may offer prospects for development:
■ Health Tourism/Beach Break - Young Couples and Mid-life Households from Asia/Japan/US/Europe
■ Education Tourism - Young Single Women and Young Couples
■ Ecotourism - Mid-life Couples and Singles from Japan/Asia/ Germany
■ Backpackers - Singles and Small Groups from North Asia/US
■ Long stay - Mid-life and Older Households from North America
■ Long stay - Families from the Middle East

27

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2.5 DESTINATION MARKETING
This section represents a review of Tourism Queensland domestic and international marketing activities for the Gold Coast.
It does not represent all the marketing activity that might occur in or on behalf of the destination but only those activities
conducted or coordinated by TQ in association with the Regional Tourism Organisation (RTO) and industry partners. The
information is drawn from reports prepared by the TQ domestic and international marketing teams responsible for this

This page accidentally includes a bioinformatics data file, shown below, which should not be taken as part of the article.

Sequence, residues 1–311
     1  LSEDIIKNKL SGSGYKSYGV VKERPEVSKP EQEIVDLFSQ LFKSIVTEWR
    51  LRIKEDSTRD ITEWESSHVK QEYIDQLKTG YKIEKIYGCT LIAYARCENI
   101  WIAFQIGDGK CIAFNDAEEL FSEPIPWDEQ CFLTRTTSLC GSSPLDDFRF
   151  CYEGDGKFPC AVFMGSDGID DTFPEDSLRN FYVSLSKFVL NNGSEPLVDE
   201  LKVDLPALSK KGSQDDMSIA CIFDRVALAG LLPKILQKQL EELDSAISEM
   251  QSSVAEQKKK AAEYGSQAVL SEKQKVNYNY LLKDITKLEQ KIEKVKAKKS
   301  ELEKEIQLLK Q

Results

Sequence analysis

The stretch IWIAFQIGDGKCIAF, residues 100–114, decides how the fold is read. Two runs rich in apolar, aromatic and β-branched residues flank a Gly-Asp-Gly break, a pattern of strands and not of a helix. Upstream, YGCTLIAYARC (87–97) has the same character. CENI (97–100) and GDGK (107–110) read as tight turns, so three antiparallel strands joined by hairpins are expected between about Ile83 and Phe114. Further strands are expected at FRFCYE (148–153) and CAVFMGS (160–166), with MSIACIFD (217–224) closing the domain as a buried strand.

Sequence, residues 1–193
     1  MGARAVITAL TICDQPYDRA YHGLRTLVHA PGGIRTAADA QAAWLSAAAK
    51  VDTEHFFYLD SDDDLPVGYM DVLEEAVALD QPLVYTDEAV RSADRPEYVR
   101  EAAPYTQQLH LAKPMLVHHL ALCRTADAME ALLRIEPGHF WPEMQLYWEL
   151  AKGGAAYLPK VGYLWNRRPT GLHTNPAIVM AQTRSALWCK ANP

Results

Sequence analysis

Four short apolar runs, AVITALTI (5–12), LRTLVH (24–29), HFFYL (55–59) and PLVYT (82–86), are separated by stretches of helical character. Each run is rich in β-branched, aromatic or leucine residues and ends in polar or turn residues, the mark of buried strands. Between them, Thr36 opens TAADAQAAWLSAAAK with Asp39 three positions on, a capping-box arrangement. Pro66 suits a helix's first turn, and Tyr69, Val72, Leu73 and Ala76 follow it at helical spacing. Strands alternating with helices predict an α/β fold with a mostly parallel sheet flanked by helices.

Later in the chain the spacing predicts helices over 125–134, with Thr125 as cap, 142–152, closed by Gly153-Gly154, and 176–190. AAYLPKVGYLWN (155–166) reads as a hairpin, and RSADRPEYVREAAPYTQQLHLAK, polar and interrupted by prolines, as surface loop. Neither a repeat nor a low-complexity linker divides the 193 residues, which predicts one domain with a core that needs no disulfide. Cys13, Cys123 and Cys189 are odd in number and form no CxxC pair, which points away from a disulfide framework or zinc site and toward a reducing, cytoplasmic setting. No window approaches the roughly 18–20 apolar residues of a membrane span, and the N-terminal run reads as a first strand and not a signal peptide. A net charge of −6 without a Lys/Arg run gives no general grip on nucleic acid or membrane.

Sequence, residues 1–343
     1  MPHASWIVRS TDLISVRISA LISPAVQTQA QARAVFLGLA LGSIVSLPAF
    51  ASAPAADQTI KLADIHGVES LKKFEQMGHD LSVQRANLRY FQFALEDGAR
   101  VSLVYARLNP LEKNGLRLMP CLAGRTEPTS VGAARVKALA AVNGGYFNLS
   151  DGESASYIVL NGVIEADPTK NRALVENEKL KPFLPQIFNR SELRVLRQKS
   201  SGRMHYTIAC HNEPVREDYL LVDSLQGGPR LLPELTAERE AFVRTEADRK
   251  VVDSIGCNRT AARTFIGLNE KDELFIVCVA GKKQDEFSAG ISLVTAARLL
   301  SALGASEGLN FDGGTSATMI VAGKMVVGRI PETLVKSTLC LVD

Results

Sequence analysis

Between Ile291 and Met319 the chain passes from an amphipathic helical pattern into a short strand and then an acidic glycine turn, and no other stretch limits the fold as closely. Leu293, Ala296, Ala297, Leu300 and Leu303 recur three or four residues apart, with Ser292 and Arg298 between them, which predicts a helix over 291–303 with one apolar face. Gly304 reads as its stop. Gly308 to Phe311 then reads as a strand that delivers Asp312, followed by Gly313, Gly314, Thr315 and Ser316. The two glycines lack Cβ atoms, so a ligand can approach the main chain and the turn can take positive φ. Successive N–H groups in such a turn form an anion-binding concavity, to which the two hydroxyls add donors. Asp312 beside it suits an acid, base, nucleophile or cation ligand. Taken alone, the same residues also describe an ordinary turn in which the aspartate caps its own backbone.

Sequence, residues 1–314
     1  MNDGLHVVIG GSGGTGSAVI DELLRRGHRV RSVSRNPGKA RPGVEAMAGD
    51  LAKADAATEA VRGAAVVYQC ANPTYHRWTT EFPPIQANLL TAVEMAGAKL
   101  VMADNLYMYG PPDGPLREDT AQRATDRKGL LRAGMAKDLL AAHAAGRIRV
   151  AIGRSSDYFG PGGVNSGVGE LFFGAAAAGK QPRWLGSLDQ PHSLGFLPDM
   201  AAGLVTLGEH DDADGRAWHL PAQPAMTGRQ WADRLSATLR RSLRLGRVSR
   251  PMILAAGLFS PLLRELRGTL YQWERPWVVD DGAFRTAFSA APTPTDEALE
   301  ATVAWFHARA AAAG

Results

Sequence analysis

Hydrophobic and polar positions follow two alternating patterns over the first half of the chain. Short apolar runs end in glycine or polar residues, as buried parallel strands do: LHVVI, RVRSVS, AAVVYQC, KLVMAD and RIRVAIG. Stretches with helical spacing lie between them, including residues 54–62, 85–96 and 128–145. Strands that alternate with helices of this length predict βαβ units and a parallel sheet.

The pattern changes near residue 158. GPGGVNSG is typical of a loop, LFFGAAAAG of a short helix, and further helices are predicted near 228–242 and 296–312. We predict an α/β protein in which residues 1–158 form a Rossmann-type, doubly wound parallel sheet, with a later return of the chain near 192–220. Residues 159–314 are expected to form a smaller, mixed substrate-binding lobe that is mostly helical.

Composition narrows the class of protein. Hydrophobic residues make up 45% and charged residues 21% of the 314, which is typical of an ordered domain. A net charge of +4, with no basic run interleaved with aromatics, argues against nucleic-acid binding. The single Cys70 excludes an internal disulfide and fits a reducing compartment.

destination. TQ marketing activities are conducted in conjunction with Tourism Australia, the RTO, local tourism marketing
committees and industry operators.

2.5.1 Marketing Program and Campaign Tracking – Domestic


One of the goals of TQ is to facilitate industry growth through a strategic approach to the marketing of Queensland.

Tourism Queensland’s domestic marketing activities seek to implement a marketing strategy designed to enhance the
domestic leisure marketing of the Gold Coast region, in partnership with Gold Coast Tourism (GCT) and industry.

Since the launch of the initial domestic leisure marketing strategy in 1997, TQ has undertaken a comprehensive
campaign in target leisure markets, with the primary aim of raising awareness and preference for the destination. Tourism
Queensland conducts general destination awareness activities as well as providing opportunities for operators and industry
to participate in cooperative campaigns and partnership advertising.

In 2004, Gold Coast Tourism embarked on a process with the objective of producing a Gold Coast brand which could be
utilised in both the domestic and international leisure markets, as well as the business tourism market. The result of this
process is the creation of the “Very Gold Coast Very GC” brand, which aims to further differentiate the Gold Coast from its
competitor destinations by displaying the vibrant, sophisticated style of the region and enhancing its aspirational qualities.